Communist-Style Social Credit Score ESG Is Finally Being Challenged

( Communist-style social credit score, in the form of an Environmental, Social and Governance (ESG) score, is finally being challenged as states Louisiana and Missouri liquidated their investment in Wall Street’s Blackrock, according to the Daily Caller. Louisiana is reportedly pulling out a $794 million investment in the company and Missouri is following by putting an end to its $300 million account with the firm.

The move comes as the interests of the financial elite are finally recognized as being at odds with the interests of everyday Americans. The investments being pursued by financial giants like Blackrock are being considered risky and a threat to Americans’ way of life.

“Your blatant anti-fossil fuel policies would destroy Louisiana’s economy,” State Treasurer John Schroder wrote in an Oct. 5 letter to BlackRock CEO Larry Fink, explaining his decision to withdraw the state’s investment.  “This divestment is necessary to protect Louisiana from actions and policies that would actively seek to hamstring our fossil-fuel sector.”

“In my opinion,” Schroder continued, “your support of ESG [Environment, Social, and Governance] investing is inconsistent with the best economic interests and values of Louisiana. I cannot support an institution that would deny our state the benefits of its most robust assets.  Simply put, we cannot be party to the crippling of our own economy.”

The states’ actual stakeholders, the American people, were not getting a good deal, which led Texas Attorney General Ken Paxton and 18 other state attorney generals to send a letter to Fink ahead of the Louisiana and Missouri divestment. The letter urged the CEO to “come clean on whether it actually values our states’ most valued stakeholders, and current and future retirees, or risk losses even more significant than those risked by BlackRock’s quixotic climate agenda.”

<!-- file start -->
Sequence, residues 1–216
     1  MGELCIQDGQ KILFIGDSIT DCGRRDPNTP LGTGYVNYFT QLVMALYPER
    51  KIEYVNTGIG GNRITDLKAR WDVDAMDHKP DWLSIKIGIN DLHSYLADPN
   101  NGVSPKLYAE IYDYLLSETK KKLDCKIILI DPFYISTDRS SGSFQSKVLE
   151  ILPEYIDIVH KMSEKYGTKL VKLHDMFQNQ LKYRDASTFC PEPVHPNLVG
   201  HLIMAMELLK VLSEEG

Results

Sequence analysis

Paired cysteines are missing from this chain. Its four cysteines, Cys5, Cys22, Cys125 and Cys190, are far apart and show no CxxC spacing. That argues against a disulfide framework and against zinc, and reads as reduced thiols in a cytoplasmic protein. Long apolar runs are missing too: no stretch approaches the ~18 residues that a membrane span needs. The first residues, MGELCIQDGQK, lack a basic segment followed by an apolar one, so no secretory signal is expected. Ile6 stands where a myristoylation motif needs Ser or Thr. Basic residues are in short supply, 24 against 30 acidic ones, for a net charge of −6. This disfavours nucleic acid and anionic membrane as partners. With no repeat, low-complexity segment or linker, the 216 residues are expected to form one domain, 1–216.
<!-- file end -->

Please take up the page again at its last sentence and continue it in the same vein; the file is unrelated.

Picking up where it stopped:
The two states’ withdrawal could reportedly cause other states to follow suit and draw attention to the risks associated with ESG investing. Bloomberg has also reported that the ESG sector is coming under heightened regulatory scrutiny. The name of ESG has been tarnished after reports of companies selling products that are allegedly less “sustainable” than they are purported to be.

Manhattan Institute’s Mark P. Mills calls attention to the obliviousness of ESG asset managers in what he calls “immutable energy realities.” In one example, Mills compares gasoline-powered cars to electric vehicles, indicating that the reality of producing electric vehicles can be just as environmentally degrading, as the production includes mining for minerals over extracting crude oil. As the world decarbonizes, the need to increase the supply of minerals such as lithium, graphite, nickel, and rare earths would need to be increased by 4,300%, 2,500%, 1,900%, and 700%, respectively.

“ESG-style decarbonization is a fraud whereby its proponents design a system to constrain our lives, but not theirs,” says Scott Shepard, director of the National Center for Public Policy Research’s Free Enterprise Project.

“People who live in mansions and fly to Davos in private jets have no business pushing carbon restrictions that will hobble living standards and future prospects for the rest of us,” he added.